Burrillville, Rhode Island
|Burrillville, Rhode Island|
|Motto: "Embracing our Past...Envisioning our Future"|
|• Total||57.1 sq mi (148.0 km2)|
|• Land||55.6 sq mi (143.9 km2)|
|• Water||1.6 sq mi (4.1 km2)|
|Elevation||587 ft (179 m)|
|• Density||287.0/sq mi (110.9/km2)|
|Time zone||Eastern (EST) (UTC-5)|
|• Summer (DST)||EDT (UTC-4)|
|GNIS feature ID||12200812|
|Website||Town of Burrillville|
Burrillville is a town in Providence County, Rhode Island, United States. It was incorporated as an independent municipality on November 17, 1806 when the Rhode Island General Assembly authorized the residents of then North Glocester to elect its own officers. The population was 15,955 at the 2010 census. This town was named for 19th century United States senator James Burrill, Jr. who was then the Rhode Island Attorney General.3
Burrilville was probably first settled sometime around 1662, when the first Europeans began to settle the Nipmuc lands.4 The Town was originally a part of Glocester, Rhode Island.4 John Smith and members of the Saulsbury family were among the earliest settlers. Samuel Willard (physician) treated many smallpox victims in South Uxbridge and Glocester (Burrillville), and he had the scars to prove it.45 In 1806, The Town of Burrillville became a separate town and consisted of 60 square miles (160 km2) of land in the northwest corner of Rhode Island, bordering Connecticut and Massachusetts.4 Later Boundary disputes with Massachusetts and Glocester reduced this land area by the mid-19th century.4 Joktan Putnam was the first Town moderator.4 The Nipmuc word for snake was rendered "askug" by Roger Williams in his A Key Into the Language of America, and "askoog" by the Reverend John Eliot in his Algonqian translation of the Bible. Burrillville's principal village, Pascoag, named after the stream upon which it is located, probably derives from this Algonqian root. Gradually in the early-to-mid-19th century, the various mills and villages took shape such as Harris mills, and the village of Harrisville, Mapleville mills, Oakland mills etc.4 Buck Hill was known for a colorful band of counterfeiters.4 The town is today part of the Blackstone River Valley National Heritage Corridor, New England's, historic National Park area.6 Burrillville was home to many historic mills, many of which have either been burned, demolished, abandoned or renovated. The Stillwater Mill Complex in Harrisville is home to the Clocktower apartments, which used to be the old Tinkham textile mills (factual content requested). The site is also home to the recently built Jesse Smith Library.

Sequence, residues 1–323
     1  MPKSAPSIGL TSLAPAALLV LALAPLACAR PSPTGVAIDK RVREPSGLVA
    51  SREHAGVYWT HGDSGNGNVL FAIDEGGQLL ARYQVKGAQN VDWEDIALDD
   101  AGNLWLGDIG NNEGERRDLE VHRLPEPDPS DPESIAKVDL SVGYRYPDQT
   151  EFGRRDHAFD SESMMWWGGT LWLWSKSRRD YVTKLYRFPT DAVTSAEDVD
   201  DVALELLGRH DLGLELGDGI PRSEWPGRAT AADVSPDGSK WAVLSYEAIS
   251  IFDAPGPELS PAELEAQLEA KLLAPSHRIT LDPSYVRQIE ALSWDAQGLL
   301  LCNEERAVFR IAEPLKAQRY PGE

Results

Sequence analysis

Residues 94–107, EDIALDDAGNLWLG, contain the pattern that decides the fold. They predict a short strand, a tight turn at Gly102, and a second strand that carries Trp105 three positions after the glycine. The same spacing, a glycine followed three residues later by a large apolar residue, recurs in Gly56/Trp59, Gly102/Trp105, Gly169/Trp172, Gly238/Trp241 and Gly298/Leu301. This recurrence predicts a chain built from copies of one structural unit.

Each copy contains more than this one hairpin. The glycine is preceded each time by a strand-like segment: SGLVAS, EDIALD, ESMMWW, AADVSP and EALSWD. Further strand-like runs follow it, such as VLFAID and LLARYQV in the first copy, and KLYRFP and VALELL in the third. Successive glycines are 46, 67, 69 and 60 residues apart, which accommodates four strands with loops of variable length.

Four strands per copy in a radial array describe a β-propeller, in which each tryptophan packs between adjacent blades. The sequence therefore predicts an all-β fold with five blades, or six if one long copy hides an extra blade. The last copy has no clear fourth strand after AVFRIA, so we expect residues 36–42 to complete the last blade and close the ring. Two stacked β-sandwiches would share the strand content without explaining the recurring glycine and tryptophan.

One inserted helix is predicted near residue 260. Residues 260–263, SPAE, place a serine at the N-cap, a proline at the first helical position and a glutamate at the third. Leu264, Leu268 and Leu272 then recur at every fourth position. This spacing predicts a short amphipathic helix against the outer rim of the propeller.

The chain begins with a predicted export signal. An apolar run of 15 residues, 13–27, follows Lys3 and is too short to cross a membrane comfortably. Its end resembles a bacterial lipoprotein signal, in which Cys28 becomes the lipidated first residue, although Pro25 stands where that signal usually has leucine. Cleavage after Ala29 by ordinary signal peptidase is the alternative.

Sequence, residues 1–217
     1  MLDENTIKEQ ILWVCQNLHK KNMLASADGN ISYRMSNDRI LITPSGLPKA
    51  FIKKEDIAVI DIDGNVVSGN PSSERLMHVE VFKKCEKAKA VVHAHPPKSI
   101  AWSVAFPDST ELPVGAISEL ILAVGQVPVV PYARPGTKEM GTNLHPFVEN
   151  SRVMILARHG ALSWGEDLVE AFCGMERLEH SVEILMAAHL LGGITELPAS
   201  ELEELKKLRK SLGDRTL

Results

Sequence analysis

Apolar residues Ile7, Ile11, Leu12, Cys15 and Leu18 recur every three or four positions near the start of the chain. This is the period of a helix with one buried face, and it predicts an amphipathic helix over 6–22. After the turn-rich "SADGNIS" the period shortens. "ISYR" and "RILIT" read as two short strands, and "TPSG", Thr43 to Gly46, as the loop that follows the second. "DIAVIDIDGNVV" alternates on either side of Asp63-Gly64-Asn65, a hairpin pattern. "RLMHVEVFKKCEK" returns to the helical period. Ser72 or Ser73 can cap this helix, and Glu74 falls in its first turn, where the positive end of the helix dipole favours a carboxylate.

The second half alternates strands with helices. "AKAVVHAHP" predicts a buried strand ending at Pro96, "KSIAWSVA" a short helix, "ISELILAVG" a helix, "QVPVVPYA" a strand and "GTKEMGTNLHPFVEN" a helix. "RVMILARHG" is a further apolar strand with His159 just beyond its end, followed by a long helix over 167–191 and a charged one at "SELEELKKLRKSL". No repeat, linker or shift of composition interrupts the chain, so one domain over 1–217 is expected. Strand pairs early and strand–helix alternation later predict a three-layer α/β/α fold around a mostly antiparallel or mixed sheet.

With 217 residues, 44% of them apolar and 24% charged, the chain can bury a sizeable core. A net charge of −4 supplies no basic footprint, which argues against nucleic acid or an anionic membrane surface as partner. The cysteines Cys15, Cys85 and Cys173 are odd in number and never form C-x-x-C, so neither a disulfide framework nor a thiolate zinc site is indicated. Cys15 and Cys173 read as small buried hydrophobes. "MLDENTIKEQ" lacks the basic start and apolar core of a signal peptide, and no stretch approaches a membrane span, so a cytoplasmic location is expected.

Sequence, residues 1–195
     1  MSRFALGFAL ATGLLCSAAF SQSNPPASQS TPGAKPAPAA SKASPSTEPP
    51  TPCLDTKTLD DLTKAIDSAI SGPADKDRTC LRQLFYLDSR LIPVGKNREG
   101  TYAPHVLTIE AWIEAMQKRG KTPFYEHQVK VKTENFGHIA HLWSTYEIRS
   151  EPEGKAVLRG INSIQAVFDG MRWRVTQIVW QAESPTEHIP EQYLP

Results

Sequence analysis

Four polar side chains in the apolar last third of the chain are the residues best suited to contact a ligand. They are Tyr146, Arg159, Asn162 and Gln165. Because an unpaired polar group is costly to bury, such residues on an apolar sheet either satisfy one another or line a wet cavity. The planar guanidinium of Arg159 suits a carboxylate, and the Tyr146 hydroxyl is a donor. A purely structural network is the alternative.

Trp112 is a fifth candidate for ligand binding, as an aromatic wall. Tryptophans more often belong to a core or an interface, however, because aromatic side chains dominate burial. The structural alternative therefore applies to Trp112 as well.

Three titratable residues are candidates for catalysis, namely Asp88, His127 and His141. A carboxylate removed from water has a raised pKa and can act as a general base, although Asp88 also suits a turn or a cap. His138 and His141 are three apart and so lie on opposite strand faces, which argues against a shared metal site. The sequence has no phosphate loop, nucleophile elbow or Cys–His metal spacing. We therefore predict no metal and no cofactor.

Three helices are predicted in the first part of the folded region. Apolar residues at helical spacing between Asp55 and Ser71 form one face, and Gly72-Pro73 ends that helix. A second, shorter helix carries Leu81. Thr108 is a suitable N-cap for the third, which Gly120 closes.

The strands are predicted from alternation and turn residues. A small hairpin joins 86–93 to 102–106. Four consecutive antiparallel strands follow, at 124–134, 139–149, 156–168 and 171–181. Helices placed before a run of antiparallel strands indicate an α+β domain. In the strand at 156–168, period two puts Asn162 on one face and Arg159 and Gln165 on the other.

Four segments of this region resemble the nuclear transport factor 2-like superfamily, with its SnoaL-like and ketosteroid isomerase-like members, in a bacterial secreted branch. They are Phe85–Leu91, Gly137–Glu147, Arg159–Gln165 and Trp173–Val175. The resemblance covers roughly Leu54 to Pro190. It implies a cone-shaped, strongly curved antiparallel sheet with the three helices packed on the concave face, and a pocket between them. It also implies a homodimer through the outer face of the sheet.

According to the United States Census Bureau, the town has a total area of 57.2 square miles (148.0 km²), of which, 55.6 square miles (143.9 km²) of it is land and 1.6 square miles (4.1 km²) of it (2.76%) is water. ~~ Until 1846 the Sherman Farm was owned by the family. It totaled over 1,100 acres (4.5 km2) and was once the largest fruit and dairy farm in the state. The farmhouse had 32 rooms.